In my Wall Street Journal op-ed on Stockton last Saturday, I observed that the city's current officials have admitted that Stockton got into its problems by making promises to employees that nobody bothered to add up at the time they were made, and by cutting deals for compensation that often hid the true cost of employee pay.
Stockton admitted that its biggest problem has been a lack of transparency resulting in a host of "hidden costs" in labor agreements for "obligations that are often difficult for citizens to identify or understand."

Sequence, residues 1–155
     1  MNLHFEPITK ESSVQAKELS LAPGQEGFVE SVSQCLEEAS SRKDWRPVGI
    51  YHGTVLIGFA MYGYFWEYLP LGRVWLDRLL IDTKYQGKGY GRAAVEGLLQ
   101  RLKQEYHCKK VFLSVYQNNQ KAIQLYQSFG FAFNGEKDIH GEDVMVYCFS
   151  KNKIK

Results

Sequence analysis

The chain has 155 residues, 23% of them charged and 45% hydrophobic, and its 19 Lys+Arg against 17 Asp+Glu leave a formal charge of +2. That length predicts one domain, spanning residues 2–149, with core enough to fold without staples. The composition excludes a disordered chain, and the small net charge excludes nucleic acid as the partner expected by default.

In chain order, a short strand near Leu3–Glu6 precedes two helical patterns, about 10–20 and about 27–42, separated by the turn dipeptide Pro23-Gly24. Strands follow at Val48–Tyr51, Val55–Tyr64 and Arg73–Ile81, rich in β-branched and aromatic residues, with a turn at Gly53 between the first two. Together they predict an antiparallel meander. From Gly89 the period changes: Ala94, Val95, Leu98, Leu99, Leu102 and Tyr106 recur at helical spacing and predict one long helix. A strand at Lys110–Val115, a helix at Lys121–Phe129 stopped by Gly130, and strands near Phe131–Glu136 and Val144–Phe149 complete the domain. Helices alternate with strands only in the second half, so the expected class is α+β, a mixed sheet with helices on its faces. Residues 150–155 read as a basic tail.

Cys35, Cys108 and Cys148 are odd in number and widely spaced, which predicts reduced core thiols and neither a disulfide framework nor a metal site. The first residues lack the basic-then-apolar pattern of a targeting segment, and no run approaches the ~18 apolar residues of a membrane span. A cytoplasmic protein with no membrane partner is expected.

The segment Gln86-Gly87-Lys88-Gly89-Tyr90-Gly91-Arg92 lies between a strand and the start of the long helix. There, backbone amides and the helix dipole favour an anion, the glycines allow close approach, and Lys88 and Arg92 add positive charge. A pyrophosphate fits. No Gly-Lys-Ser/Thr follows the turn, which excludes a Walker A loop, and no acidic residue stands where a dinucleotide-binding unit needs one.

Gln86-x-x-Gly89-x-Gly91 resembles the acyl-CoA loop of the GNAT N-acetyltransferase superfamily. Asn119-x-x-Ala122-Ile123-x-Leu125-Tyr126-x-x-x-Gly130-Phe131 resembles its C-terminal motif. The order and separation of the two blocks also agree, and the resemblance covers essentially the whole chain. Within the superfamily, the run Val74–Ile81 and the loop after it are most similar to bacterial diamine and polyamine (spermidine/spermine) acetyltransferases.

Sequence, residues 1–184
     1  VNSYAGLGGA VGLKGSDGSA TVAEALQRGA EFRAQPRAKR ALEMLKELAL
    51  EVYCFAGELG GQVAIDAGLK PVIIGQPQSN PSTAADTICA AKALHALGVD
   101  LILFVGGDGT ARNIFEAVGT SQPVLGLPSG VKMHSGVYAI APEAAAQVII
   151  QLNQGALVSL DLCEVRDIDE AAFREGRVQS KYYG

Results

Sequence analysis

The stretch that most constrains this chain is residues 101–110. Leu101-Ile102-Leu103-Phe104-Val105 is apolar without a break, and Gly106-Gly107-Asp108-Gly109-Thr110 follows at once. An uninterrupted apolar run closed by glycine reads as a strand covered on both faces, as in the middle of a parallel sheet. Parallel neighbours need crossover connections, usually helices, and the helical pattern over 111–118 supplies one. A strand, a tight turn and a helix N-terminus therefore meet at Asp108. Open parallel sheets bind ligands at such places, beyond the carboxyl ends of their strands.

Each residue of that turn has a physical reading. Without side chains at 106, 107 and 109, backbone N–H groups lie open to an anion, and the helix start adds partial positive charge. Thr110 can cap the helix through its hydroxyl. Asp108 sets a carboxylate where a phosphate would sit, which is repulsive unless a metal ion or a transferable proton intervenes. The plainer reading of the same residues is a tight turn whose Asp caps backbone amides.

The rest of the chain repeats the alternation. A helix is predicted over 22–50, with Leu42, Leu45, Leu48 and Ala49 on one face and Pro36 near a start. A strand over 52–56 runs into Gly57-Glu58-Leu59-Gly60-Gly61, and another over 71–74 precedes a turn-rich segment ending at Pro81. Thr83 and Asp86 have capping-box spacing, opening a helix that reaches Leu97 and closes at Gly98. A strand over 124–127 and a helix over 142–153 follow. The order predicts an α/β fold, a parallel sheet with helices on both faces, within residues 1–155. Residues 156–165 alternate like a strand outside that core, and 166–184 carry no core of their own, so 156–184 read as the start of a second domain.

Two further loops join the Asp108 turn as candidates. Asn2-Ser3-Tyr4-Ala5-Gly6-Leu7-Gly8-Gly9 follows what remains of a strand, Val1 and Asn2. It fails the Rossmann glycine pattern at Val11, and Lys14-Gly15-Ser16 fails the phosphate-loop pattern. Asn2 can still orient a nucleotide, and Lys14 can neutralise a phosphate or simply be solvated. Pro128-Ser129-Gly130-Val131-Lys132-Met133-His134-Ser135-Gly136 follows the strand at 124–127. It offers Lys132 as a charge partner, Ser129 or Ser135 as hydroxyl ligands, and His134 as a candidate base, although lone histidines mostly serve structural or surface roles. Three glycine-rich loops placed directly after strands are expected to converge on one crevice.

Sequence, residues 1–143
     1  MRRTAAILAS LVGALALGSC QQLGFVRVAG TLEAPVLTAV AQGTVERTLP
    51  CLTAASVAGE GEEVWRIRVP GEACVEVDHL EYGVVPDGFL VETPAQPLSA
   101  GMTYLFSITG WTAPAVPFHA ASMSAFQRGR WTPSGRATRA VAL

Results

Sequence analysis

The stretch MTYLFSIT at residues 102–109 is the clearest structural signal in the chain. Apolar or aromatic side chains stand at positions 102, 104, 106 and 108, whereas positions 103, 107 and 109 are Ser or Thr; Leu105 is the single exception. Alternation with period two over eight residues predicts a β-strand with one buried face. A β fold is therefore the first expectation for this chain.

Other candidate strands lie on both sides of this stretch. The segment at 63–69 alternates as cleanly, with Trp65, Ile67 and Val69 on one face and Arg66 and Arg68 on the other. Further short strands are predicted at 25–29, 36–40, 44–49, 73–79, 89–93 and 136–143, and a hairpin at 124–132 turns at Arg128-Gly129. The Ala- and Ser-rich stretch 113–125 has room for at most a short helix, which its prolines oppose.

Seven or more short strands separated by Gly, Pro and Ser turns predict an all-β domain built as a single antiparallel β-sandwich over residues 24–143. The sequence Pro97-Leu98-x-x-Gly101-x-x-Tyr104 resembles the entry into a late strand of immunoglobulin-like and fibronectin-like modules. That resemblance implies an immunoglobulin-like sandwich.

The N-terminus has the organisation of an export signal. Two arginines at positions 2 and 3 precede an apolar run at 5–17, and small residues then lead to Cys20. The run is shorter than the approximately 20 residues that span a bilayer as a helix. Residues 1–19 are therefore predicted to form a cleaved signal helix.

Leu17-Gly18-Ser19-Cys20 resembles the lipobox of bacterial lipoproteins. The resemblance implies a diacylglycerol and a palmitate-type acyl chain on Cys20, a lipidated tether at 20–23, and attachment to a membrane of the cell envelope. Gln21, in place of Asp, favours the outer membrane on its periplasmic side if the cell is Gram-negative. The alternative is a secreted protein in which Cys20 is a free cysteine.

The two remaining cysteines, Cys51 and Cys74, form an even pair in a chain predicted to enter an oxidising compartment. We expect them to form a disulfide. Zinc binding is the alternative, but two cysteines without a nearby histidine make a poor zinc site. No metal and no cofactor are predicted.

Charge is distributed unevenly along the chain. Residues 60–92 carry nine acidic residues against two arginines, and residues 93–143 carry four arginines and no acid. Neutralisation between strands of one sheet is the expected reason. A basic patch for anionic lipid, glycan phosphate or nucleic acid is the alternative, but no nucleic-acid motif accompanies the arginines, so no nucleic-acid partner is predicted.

Much of what is in Stockton's current budget documents and fiscal audits is revealing and has not appeared in the press. They are worth a read by anyone who wants to understand how politicians and public unions conspire to drive costs higher and hide them from the public. Here is the link to the city's budget documents. I would urge reading the 'staff report,' an audit performed by new city manager Bob Deis and his staff, as well as the 2011-2012 budget, which outlines an agenda for reform. The average citizen, reading that agenda for reform, will wonder that any government in America doesn't already operate in this way. But sadly even the basics of good government as outlined in Stockton's agenda for reform are not regularly practiced in America today, which is why so many cities, towns and school districts are in trouble.